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FEATURE BY MAT COCH
01/03/2012

The Australian Grand Prix should return to Adelaide, according to a local group which is lobbying the South Australian State Government to make a bid for the event.

Adelaide hosted the Grand Prix from 1985 until it headed to Melbourne in 1996. The circuit snaked its way around the Adelaide parklands on the outskirts of the city, close to the trendy cafe district, and past the Stag Hotel, after which part of the circuit was named. During its eleven year stay in South Australia, Formula One proved popular, the city almost coming to a standstill with a week-long festival as locals embraced the event. Flags hung from lamp posts throughout the city while posters adorned every inch of vertical real estate. Fans swapped their Cold Chisel t-shirts for team apparel as Grand Prix fever took root, the Formula One paddock couldn't help but be swept up by the enthusiasm. It's something that's missing from the event in Melbourne, something it has never been able to recreate.

"It doesn't compare to the great atmosphere that Adelaide had," says Michael Terminello of the race in Albert Park. "There are a lot of people in South Australia and F1 fans worldwide that want Adelaide back on the F1 calendar… It shouldn't have left!"

A devoted member of the Tifosi, Terminello's passion extends beyond the casual fan. He is one of the driving forces behind the 'Bring the Grand Prix Back to Adelaide' campaign which has been gathering support via social networking sites Facebook and Twitter.

"There are many of us in F1 who would like to race again in Adelaide," wrote Jean Todt in an email to Terminello, before pointing out the commercial realities to which the sport is now a slave.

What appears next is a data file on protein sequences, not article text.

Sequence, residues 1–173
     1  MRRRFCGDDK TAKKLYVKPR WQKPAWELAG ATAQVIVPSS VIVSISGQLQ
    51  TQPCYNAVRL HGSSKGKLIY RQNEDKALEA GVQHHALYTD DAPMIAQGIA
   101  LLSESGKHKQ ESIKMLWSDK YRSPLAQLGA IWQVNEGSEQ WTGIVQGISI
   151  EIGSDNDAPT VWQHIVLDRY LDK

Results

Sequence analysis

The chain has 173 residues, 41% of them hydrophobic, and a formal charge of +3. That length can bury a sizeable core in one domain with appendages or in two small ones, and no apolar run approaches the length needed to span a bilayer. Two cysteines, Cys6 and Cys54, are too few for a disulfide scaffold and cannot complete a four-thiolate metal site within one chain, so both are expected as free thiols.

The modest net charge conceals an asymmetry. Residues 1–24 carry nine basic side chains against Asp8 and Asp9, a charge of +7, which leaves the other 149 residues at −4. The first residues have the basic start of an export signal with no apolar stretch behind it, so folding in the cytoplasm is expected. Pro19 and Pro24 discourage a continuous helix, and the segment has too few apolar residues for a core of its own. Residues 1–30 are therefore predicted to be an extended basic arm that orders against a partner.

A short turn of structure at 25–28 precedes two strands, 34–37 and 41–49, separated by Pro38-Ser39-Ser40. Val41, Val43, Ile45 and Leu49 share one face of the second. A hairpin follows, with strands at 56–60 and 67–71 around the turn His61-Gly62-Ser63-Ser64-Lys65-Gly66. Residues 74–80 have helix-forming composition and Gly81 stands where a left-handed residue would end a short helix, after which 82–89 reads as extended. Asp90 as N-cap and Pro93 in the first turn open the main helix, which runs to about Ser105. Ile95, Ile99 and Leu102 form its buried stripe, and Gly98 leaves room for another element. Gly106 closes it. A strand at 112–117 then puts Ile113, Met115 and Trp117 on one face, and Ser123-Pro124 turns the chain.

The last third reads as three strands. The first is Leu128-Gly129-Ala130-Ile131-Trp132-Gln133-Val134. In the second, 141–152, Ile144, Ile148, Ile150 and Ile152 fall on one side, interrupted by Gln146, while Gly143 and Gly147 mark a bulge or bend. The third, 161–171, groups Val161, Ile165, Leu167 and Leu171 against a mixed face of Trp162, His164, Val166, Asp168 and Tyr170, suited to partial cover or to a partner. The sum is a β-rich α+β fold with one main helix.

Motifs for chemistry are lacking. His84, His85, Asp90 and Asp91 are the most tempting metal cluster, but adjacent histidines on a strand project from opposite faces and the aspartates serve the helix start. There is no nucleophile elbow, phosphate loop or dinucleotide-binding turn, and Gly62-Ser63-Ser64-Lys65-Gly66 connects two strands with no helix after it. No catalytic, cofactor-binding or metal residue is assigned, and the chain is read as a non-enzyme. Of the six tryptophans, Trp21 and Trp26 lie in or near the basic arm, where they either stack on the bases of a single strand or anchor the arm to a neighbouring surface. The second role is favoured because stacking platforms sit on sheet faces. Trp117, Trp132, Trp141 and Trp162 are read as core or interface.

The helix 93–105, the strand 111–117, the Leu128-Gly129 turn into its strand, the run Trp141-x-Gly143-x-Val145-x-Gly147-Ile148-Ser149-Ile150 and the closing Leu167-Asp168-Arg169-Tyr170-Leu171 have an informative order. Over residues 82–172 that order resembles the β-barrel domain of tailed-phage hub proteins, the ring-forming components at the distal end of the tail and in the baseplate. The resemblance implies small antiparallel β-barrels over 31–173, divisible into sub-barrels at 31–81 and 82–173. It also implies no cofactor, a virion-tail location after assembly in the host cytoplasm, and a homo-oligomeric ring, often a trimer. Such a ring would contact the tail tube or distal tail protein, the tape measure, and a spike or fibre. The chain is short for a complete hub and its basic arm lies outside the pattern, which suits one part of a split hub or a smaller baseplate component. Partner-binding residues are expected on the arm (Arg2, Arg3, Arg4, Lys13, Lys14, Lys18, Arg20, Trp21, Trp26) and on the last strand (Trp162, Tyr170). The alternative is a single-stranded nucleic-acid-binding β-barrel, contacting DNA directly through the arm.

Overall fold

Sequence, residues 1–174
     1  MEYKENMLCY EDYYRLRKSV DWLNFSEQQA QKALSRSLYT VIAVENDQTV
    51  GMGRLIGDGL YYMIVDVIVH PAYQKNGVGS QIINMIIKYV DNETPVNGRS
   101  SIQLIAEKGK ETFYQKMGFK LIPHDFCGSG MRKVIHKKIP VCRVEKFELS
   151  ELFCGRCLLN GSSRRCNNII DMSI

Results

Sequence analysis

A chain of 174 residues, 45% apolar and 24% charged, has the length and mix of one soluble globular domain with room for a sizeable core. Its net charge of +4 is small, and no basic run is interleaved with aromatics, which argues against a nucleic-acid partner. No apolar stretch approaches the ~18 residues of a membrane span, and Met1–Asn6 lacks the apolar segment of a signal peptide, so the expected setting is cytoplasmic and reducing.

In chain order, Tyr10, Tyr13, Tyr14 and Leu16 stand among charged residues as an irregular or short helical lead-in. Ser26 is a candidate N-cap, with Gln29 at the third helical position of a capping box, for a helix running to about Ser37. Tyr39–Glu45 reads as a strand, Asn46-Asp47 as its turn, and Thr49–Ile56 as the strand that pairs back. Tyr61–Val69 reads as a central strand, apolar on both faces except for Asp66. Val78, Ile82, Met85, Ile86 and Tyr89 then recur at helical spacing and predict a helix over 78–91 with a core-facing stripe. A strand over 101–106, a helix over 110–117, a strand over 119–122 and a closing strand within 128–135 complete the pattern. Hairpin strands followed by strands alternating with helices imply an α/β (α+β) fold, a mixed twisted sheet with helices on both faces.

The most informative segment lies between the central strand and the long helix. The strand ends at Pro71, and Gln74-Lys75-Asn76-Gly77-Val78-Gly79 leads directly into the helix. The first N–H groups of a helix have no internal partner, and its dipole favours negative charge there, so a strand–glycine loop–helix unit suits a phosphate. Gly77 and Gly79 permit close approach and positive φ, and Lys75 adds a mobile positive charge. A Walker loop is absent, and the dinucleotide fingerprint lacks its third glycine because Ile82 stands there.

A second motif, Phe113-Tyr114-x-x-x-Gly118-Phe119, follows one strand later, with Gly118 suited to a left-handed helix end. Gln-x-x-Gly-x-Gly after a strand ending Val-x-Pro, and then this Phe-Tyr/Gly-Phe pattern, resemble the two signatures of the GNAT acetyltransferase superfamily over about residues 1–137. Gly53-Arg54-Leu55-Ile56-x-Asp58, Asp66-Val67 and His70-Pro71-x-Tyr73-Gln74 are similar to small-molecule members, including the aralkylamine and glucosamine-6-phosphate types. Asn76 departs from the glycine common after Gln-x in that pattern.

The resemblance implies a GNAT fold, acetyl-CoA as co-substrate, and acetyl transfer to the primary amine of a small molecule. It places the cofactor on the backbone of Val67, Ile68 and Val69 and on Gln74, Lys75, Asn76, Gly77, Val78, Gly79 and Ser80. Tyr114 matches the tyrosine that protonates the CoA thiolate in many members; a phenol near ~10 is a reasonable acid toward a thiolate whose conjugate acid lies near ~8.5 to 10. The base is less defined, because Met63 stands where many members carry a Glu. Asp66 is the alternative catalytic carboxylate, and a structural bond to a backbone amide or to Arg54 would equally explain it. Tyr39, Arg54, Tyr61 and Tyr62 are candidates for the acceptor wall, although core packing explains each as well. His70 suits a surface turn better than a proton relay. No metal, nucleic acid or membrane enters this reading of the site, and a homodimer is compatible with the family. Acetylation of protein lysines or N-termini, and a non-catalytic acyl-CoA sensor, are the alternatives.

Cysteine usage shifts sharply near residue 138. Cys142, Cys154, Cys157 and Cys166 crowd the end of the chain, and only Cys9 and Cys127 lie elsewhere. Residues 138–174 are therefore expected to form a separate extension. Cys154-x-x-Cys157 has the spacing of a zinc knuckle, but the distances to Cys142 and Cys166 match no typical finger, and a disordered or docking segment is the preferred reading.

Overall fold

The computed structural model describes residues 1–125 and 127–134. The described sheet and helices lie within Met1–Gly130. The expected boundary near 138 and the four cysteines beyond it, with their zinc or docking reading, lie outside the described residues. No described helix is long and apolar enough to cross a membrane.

As countries vie to for the right to host a Grand Prix the commercial rights holders, led by Bernie Ecclestone, have been able to dictate terms which are typically stacked in favour of Formula One Management. Prospective hosts are forced to spend millions of dollars in hosting fees, leaving operating margins slim resulting in most promoters running at a loss. Many rely on government subsidies to keep themselves afloat.

Costs for the Grand Prix in Melbourne have risen every year since 1996; in 2010 the Victorian state government covered an almost $50.2m (33.8m) short fall, a figure expected to rise to $55m (37.1m) this year. Supporters of the event suggest the outlay is offset by the boost to tourism and the local economy, industry monitor Formula Money claims the benefit to Victoria is as much as $125m (84m). However, a report produced for Tourism Victoria last July contradicts that, suggesting the state saw a $39m (26.3m) return on its 2010 investment, a loss of almost $11m (7.4m). It follows on from protest group Save Albert Park which suggests the government has ignored advice from the Auditor General to perform a cost-benefit analysis. It's unsurprising that many Victorian tax payers have now had enough.

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